This article explores the Cuban sensorium as revealed through children’s baseball practice. The development of physical skills in any sport are painstakingly learned through repetitive practice. The enskillment of such movements are tasted by coaches, athletes and others through a combination of sensory information. In Cuba, the sensing of movement is understood and evaluated through the flavor of movement. How these children develop the requisite “techniques of the body” are only part of the enskillment process; coaches emphasize and evaluate the flavor of children’s movements rather than correctness of their techniques as indicators of enskillment. Thus, the article focuses on the sensorial frame by which learning to move is encouraged, critiqued, and evaluated. Drawing attention to these sensorial frames thereby highlights cultural specificity for sensing oneself and one’s world and the nature of the development of such sensoria.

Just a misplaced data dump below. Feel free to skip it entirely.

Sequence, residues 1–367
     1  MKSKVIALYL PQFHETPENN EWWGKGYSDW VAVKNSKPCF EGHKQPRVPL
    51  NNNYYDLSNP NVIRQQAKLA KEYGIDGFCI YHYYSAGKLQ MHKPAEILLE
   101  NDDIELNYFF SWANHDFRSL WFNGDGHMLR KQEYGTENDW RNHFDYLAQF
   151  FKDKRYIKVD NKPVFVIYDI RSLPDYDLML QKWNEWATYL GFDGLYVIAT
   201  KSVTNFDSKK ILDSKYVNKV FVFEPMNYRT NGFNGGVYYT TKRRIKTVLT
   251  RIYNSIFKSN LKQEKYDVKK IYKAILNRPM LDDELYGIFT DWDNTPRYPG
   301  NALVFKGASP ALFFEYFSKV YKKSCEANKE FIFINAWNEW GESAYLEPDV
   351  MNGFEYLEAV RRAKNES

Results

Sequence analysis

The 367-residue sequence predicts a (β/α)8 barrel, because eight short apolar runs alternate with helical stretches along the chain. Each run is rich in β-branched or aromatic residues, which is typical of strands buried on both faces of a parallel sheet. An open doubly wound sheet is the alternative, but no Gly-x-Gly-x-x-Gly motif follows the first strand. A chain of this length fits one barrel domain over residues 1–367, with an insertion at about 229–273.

- Enskilled movement